You might be a fan of this method if you’ve ever wanted to know why the traditional division algorithm works.  I was in that boat.  During my K-12 math experience I never questioned what was introduced.  I was always encouraged to use the traditional division algorithm.  It didn’t make sense to me why I was dropping zeros or setting up the problem in a certain structure.  I just played school and figured that it wasn’t worth trying to find meaning, but instead just pass the class and move on.

For the past ten years I have been introducing the partial-quotients method to students.  This method brings more meaning to why the division process works.  Students also seems to grasp a better understanding of how partial-quotients can add up to a quotient with a remainder.

This year I introduced something different to the students.  Students were asked to use the partial-quotients method to divide numbers and then create an area model of the process.  I had quite a few confused looks as most students think of multiplication when using area models.  After modeling this a bit I noticed that students continued to have issues with appropriately spacing out their area models.  This was a great opportunity for students to use trial-and-error.

I noticed that students had to first use the partial-quotients method to find the quotient and remainder.  They then had to split up the area model into sections that matched the problem.  This spatial awareness piece is so important, yet I find students struggled with it to a point that they were asking for help.  Maybe it’s a lack of exposure, but estimating where to split up an area model to match the partial-quotients seemed to challenge students on another level.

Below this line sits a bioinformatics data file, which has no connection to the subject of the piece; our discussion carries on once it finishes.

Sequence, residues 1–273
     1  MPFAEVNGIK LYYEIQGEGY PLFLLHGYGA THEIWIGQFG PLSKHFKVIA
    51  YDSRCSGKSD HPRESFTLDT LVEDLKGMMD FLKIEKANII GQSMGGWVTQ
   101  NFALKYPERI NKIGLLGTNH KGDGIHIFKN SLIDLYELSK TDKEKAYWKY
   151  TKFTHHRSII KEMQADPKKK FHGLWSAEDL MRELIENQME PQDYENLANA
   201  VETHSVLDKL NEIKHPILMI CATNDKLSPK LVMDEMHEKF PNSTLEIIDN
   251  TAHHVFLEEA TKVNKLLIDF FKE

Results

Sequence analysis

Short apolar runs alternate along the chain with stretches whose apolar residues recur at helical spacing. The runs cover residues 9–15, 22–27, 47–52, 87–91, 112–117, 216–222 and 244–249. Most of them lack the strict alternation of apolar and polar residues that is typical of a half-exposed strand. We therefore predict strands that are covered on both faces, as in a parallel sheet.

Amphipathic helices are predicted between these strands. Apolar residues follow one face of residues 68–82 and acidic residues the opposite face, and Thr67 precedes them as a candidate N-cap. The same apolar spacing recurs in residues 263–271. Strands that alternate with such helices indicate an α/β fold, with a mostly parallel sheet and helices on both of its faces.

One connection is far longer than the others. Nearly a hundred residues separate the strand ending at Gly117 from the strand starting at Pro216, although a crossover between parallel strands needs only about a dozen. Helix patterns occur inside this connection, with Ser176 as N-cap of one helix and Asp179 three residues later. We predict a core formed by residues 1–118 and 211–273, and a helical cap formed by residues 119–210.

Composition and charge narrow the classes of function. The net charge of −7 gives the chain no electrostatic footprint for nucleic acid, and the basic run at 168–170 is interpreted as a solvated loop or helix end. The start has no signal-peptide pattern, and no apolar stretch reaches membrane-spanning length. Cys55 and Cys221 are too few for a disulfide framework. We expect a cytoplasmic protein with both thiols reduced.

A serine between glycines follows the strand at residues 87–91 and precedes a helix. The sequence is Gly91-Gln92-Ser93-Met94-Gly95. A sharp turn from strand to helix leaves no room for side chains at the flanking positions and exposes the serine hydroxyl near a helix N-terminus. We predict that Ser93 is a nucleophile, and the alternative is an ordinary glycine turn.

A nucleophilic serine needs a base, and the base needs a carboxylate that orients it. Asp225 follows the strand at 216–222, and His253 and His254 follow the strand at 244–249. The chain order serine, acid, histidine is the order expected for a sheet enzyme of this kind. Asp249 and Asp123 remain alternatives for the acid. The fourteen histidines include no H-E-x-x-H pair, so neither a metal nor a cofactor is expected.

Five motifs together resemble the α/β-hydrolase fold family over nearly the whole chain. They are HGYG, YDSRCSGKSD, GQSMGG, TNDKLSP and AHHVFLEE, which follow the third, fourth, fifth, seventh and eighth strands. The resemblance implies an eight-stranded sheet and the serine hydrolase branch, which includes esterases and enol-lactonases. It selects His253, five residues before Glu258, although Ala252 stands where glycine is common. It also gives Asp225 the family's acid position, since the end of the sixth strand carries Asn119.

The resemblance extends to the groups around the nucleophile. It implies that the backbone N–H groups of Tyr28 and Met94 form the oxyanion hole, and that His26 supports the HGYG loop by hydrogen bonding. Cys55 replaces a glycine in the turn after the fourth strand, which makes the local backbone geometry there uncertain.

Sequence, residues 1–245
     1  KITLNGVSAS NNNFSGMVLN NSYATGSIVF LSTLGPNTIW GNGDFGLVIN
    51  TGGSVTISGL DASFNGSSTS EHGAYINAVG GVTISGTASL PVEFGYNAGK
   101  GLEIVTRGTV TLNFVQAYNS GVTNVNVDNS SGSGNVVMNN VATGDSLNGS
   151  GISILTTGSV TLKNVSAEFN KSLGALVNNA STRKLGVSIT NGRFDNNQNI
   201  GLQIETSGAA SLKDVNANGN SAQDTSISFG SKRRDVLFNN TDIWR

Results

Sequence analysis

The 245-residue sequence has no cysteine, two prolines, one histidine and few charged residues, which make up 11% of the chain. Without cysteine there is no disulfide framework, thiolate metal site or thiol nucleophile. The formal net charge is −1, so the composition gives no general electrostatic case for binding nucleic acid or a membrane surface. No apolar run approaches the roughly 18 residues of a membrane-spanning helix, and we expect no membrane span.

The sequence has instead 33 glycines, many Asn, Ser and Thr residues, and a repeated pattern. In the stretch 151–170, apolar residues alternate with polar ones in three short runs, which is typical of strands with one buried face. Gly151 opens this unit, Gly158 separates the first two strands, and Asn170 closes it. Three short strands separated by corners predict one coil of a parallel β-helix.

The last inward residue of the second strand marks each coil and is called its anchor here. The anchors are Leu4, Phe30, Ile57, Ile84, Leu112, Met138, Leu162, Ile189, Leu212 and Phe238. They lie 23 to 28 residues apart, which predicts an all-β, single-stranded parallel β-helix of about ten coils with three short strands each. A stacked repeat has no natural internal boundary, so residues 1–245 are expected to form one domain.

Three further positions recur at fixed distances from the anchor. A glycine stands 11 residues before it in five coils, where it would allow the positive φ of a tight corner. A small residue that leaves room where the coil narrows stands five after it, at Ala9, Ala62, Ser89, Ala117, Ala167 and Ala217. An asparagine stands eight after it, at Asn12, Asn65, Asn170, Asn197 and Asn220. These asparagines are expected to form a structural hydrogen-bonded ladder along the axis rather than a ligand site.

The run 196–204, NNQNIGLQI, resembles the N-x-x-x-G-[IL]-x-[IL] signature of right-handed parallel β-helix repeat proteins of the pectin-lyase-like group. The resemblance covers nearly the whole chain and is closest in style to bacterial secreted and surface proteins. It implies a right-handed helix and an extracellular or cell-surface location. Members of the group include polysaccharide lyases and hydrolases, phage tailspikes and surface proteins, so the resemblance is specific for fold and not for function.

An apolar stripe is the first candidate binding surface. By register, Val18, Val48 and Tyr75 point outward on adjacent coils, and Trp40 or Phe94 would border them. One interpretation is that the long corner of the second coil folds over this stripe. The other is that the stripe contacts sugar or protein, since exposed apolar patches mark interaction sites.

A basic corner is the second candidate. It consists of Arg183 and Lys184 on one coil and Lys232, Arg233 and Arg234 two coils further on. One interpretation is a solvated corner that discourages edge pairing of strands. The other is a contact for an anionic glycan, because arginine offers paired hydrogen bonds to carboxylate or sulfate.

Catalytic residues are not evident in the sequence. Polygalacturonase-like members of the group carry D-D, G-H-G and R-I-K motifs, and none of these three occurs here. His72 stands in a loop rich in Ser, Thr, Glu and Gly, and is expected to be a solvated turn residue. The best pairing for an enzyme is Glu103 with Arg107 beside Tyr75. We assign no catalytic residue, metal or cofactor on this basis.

This activity has me wondering how often students use spatial awareness strategies in the math classroom.  How often are they given these opportunities?  Reasoning and estimating strategies also play a role, but actually spacing out the partitions isn’t what students were expecting last week.

I’m looking forward to seeing how students progress in using area models moving forward.

Using Multiple Strategies in Math Class


Last week a few upper elementary classes started to explore different methods to divide multi-digit numbers.  Many were familiar with repeated subtraction for numbers more than one and some even had experience with the long division algorithm.  I asked students to explain their reasoning for the steps needed to divide numbers using repeated subtraction and long division.  All of the students were able to explain the reasons for using repeated subtraction. Students gave quality answers and were able to communicate why each step was performed. Some students even related repeated subtraction to a number line.  I then asked the students the reasoning for using the long division algorithm.  I heard responses like “it’s quicker” or “that’s what I was told to use” or “you just do this and this.”  I could tell that there was a disconnect between the shortcut and having a conceptual understanding. Students understood the steps but couldn’t provide solid reasoning to why you would bring down the next number.